Immunotherapy, particularly immune-checkpoint inhibition, is producing encouraging clinical responses and affecting the way numerous cancers are treated. Yet immune-checkpoint therapy is not effective for many patients, and even those who initially respond can experience relapse, fueling interest in finding new processes or tools to improve the effectiveness of these novel therapeutics. One such tool is radiation. Both preclinical and clinical studies have demonstrated that the systemic effects of immunotherapy can be amplified when it is used in combination with radiation and, conversely, that the immunogenic effects of local irradiation can be amplified and extended to distant sites when used with immunotherapy. We review how stereotactic ablative radiation therapy, a technique specifically indicated for tumors treated with immune-checkpoint inhibitors, can potentiate the effects of immune-checkpoint therapy. We further explore how these novel therapeutics may transform radiation, previously considered a local treatment option, into powerful systemic therapy.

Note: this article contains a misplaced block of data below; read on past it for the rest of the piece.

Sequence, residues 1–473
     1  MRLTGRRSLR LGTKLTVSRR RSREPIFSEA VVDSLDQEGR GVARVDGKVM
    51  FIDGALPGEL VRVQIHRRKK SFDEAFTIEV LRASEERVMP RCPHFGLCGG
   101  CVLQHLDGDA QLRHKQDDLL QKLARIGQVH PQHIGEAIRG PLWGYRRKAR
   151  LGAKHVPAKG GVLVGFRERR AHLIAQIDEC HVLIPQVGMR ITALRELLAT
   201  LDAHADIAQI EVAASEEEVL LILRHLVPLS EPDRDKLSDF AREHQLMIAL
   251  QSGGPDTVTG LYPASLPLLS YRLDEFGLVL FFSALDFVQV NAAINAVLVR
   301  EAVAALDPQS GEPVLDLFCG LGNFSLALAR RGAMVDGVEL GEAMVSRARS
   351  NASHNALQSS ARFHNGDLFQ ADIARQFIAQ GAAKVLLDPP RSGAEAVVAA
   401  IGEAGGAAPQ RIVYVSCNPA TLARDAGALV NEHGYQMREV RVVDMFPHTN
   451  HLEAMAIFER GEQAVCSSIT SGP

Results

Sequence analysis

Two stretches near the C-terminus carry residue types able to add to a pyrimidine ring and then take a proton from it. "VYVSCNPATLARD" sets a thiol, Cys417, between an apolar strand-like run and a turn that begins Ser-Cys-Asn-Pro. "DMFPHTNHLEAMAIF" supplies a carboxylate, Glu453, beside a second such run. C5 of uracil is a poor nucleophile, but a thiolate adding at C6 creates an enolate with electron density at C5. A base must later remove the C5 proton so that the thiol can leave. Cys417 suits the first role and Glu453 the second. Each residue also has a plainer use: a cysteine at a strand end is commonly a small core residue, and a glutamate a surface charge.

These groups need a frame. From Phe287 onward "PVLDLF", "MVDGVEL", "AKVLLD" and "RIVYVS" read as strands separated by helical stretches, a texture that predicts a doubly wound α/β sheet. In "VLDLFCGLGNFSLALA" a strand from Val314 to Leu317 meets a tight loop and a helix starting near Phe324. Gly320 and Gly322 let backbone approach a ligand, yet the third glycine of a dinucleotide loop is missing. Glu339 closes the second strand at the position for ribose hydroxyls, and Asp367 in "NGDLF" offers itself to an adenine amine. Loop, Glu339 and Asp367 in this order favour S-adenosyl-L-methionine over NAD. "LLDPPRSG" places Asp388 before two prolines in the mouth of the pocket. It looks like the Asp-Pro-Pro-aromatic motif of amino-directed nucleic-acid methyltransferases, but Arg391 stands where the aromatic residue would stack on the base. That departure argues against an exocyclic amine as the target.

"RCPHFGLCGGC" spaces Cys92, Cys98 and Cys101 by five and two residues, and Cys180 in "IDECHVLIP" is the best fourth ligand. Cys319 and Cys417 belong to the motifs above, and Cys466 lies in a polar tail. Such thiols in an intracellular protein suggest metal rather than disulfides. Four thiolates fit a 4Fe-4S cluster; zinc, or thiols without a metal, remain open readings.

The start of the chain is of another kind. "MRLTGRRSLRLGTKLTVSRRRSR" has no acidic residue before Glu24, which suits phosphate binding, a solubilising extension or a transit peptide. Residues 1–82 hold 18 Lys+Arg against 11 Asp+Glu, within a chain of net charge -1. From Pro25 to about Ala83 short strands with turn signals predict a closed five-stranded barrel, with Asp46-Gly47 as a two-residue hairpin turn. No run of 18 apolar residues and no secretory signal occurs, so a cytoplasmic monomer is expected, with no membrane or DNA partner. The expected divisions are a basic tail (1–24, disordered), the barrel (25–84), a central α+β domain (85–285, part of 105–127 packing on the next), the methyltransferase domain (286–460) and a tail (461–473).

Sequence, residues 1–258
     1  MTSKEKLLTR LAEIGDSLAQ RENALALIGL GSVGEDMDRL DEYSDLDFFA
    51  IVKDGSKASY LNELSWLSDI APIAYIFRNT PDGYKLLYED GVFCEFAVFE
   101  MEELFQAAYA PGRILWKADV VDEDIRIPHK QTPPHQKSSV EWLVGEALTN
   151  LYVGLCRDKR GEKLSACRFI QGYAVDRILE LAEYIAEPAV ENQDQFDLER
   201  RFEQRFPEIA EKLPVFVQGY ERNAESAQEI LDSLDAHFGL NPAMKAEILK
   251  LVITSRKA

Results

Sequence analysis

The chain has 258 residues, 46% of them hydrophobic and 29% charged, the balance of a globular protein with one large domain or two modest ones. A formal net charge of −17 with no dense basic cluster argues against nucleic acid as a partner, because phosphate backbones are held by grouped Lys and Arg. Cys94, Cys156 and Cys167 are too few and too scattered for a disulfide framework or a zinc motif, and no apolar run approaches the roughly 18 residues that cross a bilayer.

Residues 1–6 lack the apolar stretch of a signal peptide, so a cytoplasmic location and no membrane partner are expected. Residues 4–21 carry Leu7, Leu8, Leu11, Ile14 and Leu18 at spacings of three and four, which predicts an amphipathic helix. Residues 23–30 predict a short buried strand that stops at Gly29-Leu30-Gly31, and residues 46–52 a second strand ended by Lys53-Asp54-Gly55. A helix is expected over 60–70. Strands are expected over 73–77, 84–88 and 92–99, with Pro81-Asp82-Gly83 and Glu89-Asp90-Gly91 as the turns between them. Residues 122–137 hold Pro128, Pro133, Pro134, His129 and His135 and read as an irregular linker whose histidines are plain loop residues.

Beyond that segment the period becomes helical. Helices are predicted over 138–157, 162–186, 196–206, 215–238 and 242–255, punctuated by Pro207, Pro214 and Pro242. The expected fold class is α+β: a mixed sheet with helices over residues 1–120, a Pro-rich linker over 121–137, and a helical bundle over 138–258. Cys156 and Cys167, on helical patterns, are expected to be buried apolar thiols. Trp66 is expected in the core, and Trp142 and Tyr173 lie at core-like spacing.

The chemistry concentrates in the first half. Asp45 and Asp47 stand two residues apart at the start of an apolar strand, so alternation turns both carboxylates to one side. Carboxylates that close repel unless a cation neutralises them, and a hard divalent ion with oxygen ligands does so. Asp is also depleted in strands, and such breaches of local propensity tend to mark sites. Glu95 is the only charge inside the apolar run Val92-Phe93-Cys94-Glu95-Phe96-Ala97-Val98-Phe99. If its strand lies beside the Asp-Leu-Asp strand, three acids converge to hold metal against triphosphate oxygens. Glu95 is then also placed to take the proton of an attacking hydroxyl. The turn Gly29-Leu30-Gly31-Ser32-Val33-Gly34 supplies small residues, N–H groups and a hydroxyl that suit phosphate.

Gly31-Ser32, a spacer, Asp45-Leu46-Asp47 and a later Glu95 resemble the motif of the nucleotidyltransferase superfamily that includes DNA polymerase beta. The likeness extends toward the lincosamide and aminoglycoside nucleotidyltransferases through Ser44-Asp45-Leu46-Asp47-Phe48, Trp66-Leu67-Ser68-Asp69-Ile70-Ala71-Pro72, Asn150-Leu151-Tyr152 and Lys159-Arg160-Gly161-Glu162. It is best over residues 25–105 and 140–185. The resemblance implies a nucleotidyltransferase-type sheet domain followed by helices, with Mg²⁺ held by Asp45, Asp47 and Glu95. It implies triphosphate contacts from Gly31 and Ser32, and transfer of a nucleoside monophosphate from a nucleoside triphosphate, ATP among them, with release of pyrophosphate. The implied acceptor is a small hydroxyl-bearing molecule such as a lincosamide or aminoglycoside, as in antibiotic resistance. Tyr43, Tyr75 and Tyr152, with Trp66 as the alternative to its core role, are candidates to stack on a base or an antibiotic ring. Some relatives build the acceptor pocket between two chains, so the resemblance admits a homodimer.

From the *Department of Medicine, Memorial Sloan Kettering Cancer Center, New York, NY; Departments of †Experimental Radiation Oncology and ‡Radiation Oncology, The University of Texas MD Anderson Cancer Center, Houston, TX; and Departments of §Dermatology and ∥Pathology, Yale University School of Medicine, New Haven, CT.
Supported in part by Cancer Center Support (Core) grant CA016672 from the National Cancer Institute; National Institutes of Health grant to The University of Texas MD Anderson Cancer Center; The family of M. Adnan Hamed; The Mabuchi Research Fund; The Susan and Peter Goodwin Foundation; and the Orr Family Foundation to MD Anderson Cancer Center’s Thoracic Radiation Oncology Program, an MD Anderson Knowledge Gap Award.
The authors have disclosed that they have no significant relationships with, or financial interest in, any commercial companies pertaining to this article.
Reprints: James W. Welsh, MD, Department of Radiation Oncology, Unit 97, The University of Texas MD Anderson Cancer Center, 1515 Holcombe Blvd, Houston, TX 77030. E-mail: firstname.lastname@example.org.